Dewa Sanzan

Yamagata Things to Do

Yamagata, Japan Jul. 23 Tues 3:06AM

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Dewa Sanzan

One of Japan’s most sacred pilgrimage routes, the Dewa Sanzan is composed of three holy mountains, which are especially revered by the ascetic yamabushi (mountain monks), which can still be seen in their distinctive white clothing worshipping on the mountains to this day.

Mt. Haguro

The most easily accessible of the three is Mt. Haguro, and it is also the only of the mountains that is open to visitors year round. Each of the three mountains of the pilgrimage represents birth, death, and rebirth, respectively, and Mt. Haguro represents birth.

If a visitor were to only visit one of the three mountains, Mt. Haguro may be a good choice with its slightly shorter climb and the magnificent pagoda on its summit.

That’s not to imply that it’s an easy journey. Although there is a road allowing visitors to reach the top by car or bus, pilgrims choosing to climb face quite a difficult challenge of 2,466 stone steps to the top. The famous Haiku poet Basho, climbing amidst hot summer temperatures all day and relieved as the evening cooled down, wrote the following haiku on Mt. Haguro:

Such cool air - the faint crescent moon hovers over Mt. Haguro
(涼しさや ほの三日月の  羽黒山)
Oh, the cool refreshing air and the sight of the crescent moon above the thin clouds, faintly lighting Mt. Haguro

While climbing up, visitors can enjoy searching for 33 figures that are carved somewhere in the many steps on the mountain: it’s said that someone who can find them all will be blessed with good fortune.

The difficulty of reaching the top will only make the payoff of reaching the shrine housing all three gods of the Dewa Sanzan all the greater.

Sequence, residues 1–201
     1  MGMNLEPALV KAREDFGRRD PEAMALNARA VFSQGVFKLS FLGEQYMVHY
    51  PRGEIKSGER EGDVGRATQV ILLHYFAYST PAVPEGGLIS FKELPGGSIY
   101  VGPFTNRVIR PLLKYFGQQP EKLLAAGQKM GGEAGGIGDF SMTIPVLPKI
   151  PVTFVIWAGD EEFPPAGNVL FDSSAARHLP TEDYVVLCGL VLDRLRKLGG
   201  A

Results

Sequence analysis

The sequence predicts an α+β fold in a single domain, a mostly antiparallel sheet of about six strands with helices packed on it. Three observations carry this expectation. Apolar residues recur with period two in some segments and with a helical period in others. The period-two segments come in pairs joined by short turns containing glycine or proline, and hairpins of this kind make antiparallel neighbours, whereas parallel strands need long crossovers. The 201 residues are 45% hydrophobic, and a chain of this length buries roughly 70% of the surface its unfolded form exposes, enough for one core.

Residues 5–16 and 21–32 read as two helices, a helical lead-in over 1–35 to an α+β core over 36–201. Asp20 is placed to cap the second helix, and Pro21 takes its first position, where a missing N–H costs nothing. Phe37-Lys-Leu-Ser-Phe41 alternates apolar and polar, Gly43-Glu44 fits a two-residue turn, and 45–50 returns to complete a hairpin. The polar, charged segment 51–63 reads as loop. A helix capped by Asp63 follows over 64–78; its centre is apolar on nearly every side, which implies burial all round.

In addition to the famous pagoda is a temple where guests can lodge for the night and a rustin teahouse offering refreshments.

Mt. Gassan

The mountain representing death, Mt. Gassan, or “Moon Mountain” in Japanese, is the highest of the three peaks, and due to heavy snowfalls, is only open for hiking in summer.

The long, yet not particularly steep, path to the top of Mt. Gassan is a very scenic one, where visitors will trudge through marshes, fields of flowers, patches of snow, and be treated to wide expansive vistas.

Upon finally reaching the top, all visitors are required to undergo a purification rite at the shrine carried out by the shrine’s priests, and of course people of all (or no) faiths are welcome.

When Basho finally reached the top, he wrote the following poem, tying nicely in with the mountain’s name:

One after another, the crumbling cloud peaks on Moon Mountain
(雲の峰 幾つ崩れて 月の山)
I wonder how many of the peaks of the cumulonimbus clouds rising in the sky collapsed to form this Mt. Gassan. It is hard to believe that something from the heavens collapsed and landed on the ground.

Mt. Yudono

Travelers challenging all three of the peaks usually head directly from Mt. Gassan to the adjacent Mt. Yudono, which, the final of the three mountains, represents rebirth, and is considered the most holy.

The climb to the top is steep and difficult, but there is actually a road where it is possible to take a bus up to the shrine.  Those who reach the top are forbidden to speak of, document or share what they see or hear there, so the mountain remains shrouded in mystery.

The Dainichi-Boo Temple on Mt. Yudono contains one of Japan’s most famous examples of a sokushinbutsu, a Buddhist monk who mummified himself by years of extreme self-poisoning and fasting, removing all fat from his body and preventing his own decomposition. Most monks who undertook this extreme form of training did it in this area, and the waters of the local streams which contain arsenic aided them in their task. The sokushinbutsu are today considered living Buddhas, though the practice is now of course banned.

Basho’s poem on Mt. Yudono is sort of a play on words, expressing both that he was too moved to tears to say anything, while also referencing the law of not speaking about one’s experiences there:

Unable to speak, I just dampen my sleeves on Mt. Yudono.
(語られぬ 湯殿にぬらす 袂かな)
It is a rule of the ascetics of Yudonozan not to speak of its mysteries to others. Now that I have visited Mt. Yudono myself, I cannot go into detail, but can only wet my sleeves with tears of gratitude.

For those wishing to visit the Dewa Sanzan, Tsuruoka Station in the Yamagata prefecture is recommended as a hub, as there are buses there by which one can reach all three peaks.

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